In the end, though, Ted Kennedy, Spanish rock music and Obama's community-organizing days weren't enough to win over Latino voters — who are solidly in Hillary Clinton's camp. (But then, Kennedy failed even to deliver his state of Massachusetts to Obama.) Latinos stayed loyal to Clinton, who trounced Obama in California by 10 percentage points.
LATINOS ALSO PLAYED A ROLE on the Republican side. There, a mix of moderates, conservatives, women and Latinos handed a major win to McCain and put the kibosh on the long-ago hatched plans of GOP leaders who designed the California primary specifically to keep moderates McCain and Rudy Giuliani from winning.
To a great deal of bad press, the Republican leadership in California "closed" the Super Tuesday primary on their side of the ballot to anyone not registered Republican. GOP state honchos hoped that by shutting out more-moderate "decline to state" voters, they could ensure that a conservative — Mitt Romney or Mike Huckabee — won California.
But the conservative Republicans who control the GOP apparatus in California are known for their tin-ear approach in a state where Republican voters are much more moderate. That mismatch has left California's GOP leaders branded as a "circular firing squad" for continually propping up candidates who can't win statewide office — and ignoring moderates.
Tuesday was no different. At a McCain victory party in Hollywood, walking distance from the Obama event, McCain was not in town, but a reveler noted that the closed primary didn't stop their guy — "even a little." Nobody at the low-key Cat & Fiddle on Sunset Boulevard, a sticky-floored hangout that boasts English-pub food, was the least bit surprised by McCain's win.
But at the Avalon nightclub, a few blocks away on Vine, across from the Capitol Records Building, the Obama campaign was in the odd position of acting as if his big loss in California — with polls wrongly showing a near tie — didn't matter.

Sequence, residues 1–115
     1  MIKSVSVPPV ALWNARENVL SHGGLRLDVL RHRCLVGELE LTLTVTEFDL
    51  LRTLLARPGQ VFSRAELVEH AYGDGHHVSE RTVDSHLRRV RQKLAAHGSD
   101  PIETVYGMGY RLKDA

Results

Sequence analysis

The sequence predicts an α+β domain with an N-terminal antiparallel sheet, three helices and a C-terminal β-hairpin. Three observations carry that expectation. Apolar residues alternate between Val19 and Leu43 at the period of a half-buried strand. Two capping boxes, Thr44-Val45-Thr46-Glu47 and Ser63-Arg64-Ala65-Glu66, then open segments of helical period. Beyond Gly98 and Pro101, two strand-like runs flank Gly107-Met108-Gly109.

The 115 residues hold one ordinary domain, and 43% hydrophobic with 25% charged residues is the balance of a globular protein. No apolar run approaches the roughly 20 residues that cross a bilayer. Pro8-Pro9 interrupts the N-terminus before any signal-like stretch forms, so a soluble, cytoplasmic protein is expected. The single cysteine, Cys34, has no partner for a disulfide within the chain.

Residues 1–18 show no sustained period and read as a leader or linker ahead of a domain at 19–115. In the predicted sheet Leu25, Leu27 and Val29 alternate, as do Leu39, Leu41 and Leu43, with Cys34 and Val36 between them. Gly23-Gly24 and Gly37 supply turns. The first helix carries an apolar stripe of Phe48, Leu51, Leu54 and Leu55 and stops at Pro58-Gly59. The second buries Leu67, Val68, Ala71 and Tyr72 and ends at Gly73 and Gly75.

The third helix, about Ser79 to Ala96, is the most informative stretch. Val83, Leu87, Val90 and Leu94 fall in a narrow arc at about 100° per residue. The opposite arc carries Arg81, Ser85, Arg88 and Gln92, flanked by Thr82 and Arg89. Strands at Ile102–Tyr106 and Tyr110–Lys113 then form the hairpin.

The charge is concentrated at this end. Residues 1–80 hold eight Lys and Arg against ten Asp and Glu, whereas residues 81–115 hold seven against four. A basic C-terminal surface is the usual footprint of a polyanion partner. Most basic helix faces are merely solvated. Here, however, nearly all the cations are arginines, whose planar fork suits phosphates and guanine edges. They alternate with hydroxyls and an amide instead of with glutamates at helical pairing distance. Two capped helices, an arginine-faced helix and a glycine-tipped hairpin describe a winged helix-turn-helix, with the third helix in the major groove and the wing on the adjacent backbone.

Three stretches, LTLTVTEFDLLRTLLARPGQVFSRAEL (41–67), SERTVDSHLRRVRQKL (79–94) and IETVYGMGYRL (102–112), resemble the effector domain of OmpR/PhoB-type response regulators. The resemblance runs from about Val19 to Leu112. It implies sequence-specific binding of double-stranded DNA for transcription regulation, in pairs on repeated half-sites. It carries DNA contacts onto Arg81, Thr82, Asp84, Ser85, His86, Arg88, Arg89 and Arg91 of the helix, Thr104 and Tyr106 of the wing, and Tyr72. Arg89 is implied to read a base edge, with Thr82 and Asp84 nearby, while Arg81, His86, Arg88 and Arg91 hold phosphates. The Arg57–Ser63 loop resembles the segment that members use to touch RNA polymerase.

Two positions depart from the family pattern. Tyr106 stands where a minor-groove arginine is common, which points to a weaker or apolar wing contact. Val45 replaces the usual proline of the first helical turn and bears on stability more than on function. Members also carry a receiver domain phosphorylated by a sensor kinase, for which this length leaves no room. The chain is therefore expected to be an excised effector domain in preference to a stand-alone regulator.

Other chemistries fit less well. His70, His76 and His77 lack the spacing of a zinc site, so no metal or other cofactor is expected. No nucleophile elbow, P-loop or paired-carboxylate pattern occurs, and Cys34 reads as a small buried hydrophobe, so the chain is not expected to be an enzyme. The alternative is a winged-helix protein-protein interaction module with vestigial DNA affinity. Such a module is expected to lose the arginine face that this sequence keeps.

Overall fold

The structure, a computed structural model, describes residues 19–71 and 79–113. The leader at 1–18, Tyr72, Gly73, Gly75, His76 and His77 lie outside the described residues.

At 9:15 p.m. on Tuesday, Fox News called the California Democratic primary for Hillary Clinton. At that moment, a handsome and hip Obama crowd was watching MSNBC, sipping cocktails and listening to old Motown music spun by one of Los Angeles' best DJs, Peanut Butter Wolf. The nightclub exuded a feel of high cool. Mitchell Schwartz, asked what effect the loss in California would be to the Obama campaign, downplayed it, saying, "In the big picture, it doesn't mean a lot. We'll pick up a decent amount of delegates."
Since the California Democratic Party awards delegates — and the delegate count ultimately decides the nominee — through a complex system based on who wins in each congressional district in California, rather than "winner take all," Obama probably will get a decent number of California delegates. Clinton will be awarded far more, however, and she now has the bragging rights of a California victory.
About an hour later, a Clinton event held in Burbank illustrated the difference between these two camps, separated less by ideology than by dramatic differences in tone and style. Held at the local union headquarters of the International Alliance of Theatrical Stage Employees on a no-frills sound stage the size of a small gymnasium, the event drew Mayor Antonio Villaraigosa, who as usual posed for pictures, and then speed-talked his way through three TV interviews in less than 10 minutes.
The crowd had diminished, with Clinton declared the winner much earlier, but there were still a few Latino supporters standing around. A pull-down screen flashed images of talking heads discussing Super Tuesday results, and Bruce Springsteen sang "The Rising" through a speaker system that was not manned by a famous DJ.
The scene had a decidedly blue-collar, lunch-bucket vibe, with no glamour and no bartenders. Nobody was serving fancy cocktails or talking about hope. Young people talked about school, and older people talked about going to work the next day. By 11 p.m., the place was nearly empty, and the evening news was announcing a decisive nationwide showing for John McCain — and possibly a very long slog for Clinton and Obama.